My absence can be explained this way. I’m deep into editing book two of the Shig Sato Mystery series — finished the first draft, started making corrections, decided some chapters needed to go, others needed to be in different places — and while making the corrections, finding other stuff that needs attention, and even while watching TV or walking to work, thinking about new and different plot lines and details.

Sound familiar?

Writing is rewriting. This is a hard lesson to learn. I came up through the journalism ranks, the “Get it right and get it out” school of daily journalism where rewriting was a luxury only feature writers and editorial writers possessed. One of the hardest things for me to do is turn off the journalism/non-fiction switch and turn on the creative writing/fiction switch. I liken it to driving 55 mph and then slamming on the brakes and putting the car in reverse at 55 mph. (Please don’t try this.)

I am usually pretty good at shutting down the editor part of my brain while writing, so when the time comes to edit and rewrite, it’s as if the editor part is catapulted to freedom, to run amok among the words that are just-about-there-but-not-quite ready. And it likes to play. What I find incomprehensible is the flood of ideas that pass through my mind like a raging flood. It’s scary and thrilling at the same time. And addictive. It’s my favorite part of the writing process.

The rewrite — aka second draft — is about 70 percent compete. After that, another edit and then copies sent to beta readers. Then it’s on to book three.

I am getting closer, and going further.

I promise to be back. Soon.

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Moms always know

My writing journey began before the dawn of my consciousness. I’m convinced of this, because I’ve been told I was always reading, always had a book in my hand. I remember creating stories as early as the first grade. My brother told me he has memories of me sitting in our bedroom and writing.

Always with something to read.

Always with something to read.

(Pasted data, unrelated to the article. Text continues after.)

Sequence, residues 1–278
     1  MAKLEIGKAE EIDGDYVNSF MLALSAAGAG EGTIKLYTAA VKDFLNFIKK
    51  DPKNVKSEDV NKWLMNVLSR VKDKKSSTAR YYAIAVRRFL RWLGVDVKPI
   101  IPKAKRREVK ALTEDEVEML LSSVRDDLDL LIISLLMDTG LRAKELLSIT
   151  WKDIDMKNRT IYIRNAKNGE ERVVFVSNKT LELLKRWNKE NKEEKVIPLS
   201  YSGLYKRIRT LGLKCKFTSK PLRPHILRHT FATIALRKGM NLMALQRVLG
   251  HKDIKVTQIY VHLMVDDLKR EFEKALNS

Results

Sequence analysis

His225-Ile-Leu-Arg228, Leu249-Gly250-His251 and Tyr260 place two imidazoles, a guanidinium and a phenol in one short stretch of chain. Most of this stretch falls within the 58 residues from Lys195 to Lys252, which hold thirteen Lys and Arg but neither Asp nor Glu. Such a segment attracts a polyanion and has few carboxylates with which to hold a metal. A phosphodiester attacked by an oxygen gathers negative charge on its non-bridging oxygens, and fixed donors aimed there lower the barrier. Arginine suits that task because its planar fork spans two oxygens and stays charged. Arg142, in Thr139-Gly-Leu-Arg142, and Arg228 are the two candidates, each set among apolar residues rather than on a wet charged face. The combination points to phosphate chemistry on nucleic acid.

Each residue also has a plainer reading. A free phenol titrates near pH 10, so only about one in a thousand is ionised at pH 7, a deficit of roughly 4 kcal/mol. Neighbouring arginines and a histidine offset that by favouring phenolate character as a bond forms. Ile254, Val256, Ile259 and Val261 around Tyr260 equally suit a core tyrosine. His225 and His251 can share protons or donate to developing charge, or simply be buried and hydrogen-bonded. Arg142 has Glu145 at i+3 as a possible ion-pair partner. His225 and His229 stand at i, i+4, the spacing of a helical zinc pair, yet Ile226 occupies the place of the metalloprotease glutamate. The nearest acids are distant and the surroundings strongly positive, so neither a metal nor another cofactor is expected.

It’s easy for dreamy, overly imaginative kids – like I was – to float through life with no sense of reality. That’s where my mother enters the story. She always, always accepted the idea that I liked words, writing, music, creativity, the arts. But she made sure that wasn’t the only thing in my life. Growing up in a household of a mom and dad and seven  brothers and sisters, sometimes it’s easy to stand beside the chaos and go off on your own. My mom was always there to reel me back. It’s the everyday stuff of raising a child, sure, but the one thing she never did was squash my dreams. She just made sure my feet were on the ground and I was going in the right direction.

I was always itching to go out into the world. My youth was spent away from the house – playing, biking, then when I was a little older, hiking, then a little older, camping. Then I left  home to work at a summer camp. Mothers see what their child is like and sense what their child will become. I’m sure my mother saw the restlessness inside me and saw that my life outdoors kept me grounded.

I think she saw my love of reading and writing in the same way. I didn’t fully realize this until I was much older, in the Navy, home on leave, and I was with my mother somewhere, and she introduced my as ‘an aspiring writer.’ It surprised me. I don’t ever recall really talking to her about it. Maybe it was too obvious for words.

But the truth is, she got it before I ever did. And for that I salute her.